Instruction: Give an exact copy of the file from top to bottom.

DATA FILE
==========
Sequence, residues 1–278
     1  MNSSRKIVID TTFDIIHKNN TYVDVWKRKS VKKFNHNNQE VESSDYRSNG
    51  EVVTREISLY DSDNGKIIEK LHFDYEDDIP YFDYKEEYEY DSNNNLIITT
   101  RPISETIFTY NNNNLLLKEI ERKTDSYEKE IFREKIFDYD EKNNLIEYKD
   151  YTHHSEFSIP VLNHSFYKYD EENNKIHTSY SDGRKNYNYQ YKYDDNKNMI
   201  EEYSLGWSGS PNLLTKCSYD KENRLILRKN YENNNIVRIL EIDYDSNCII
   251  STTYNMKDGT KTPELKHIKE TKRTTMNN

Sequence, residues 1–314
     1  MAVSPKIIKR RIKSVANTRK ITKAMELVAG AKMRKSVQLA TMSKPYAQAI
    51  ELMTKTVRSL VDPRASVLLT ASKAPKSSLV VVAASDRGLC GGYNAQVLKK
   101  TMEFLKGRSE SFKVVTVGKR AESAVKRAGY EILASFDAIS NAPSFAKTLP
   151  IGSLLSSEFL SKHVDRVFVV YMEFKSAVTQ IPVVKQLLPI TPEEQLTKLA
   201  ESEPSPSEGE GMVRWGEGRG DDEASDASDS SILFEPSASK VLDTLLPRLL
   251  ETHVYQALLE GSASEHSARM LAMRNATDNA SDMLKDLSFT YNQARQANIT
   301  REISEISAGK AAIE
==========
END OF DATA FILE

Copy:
Sequence, residues 1–278
     1  MNSSRKIVID TTFDIIHKNN TYVDVWKRKS VKKFNHNNQE VESSDYRSNG
    51  EVVTREISLY DSDNGKIIEK LHFDYEDDIP YFDYKEEYEY DSNNNLIITT
   101  RPISETIFTY NNNNLLLKEI ERKTDSYEKE IFREKIFDYD EKNNLIEYKD
   151  YTHHSEFSIP VLNHSFYKYD EENNKIHTSY SDGRKNYNYQ YKYDDNKNMI
   201  EEYSLGWSGS PNLLTKCSYD KENRLILRKN YENNNIVRIL EIDYDSNCII
   251  STTYNMKDGT KTPELKHIKE TKRTTMNN

Sequence, residues 1–314
     1  MAVSPKIIKR RIKSVANTRK ITKAMELVAG AKMRKSVQLA TMSKPYAQAI
    51  ELMTKTVRSL VDPRASVLLT ASKAPKSSLV VVAASDRGLC GGYNAQVLKK
   101  TMEFLKGRSE SFKVVTVGKR AESAVKRAGY EILASFDAIS NAPSFAKTLP
   151  IGSLLSSEFL SKHVDRVFVV YMEFKSAVTQ IPVVKQLLPI TPEEQLTKLA
   201  ESEPSPSEGE GMVRWGEGRG DDEASDASDS SILFEPSASK VLDTLLPRLL
   251  ETHVYQALLE GSASEHSARM LAMRNATDNA SDMLKDLSFT YNQARQANIT
   301  REISEISAGK AAIE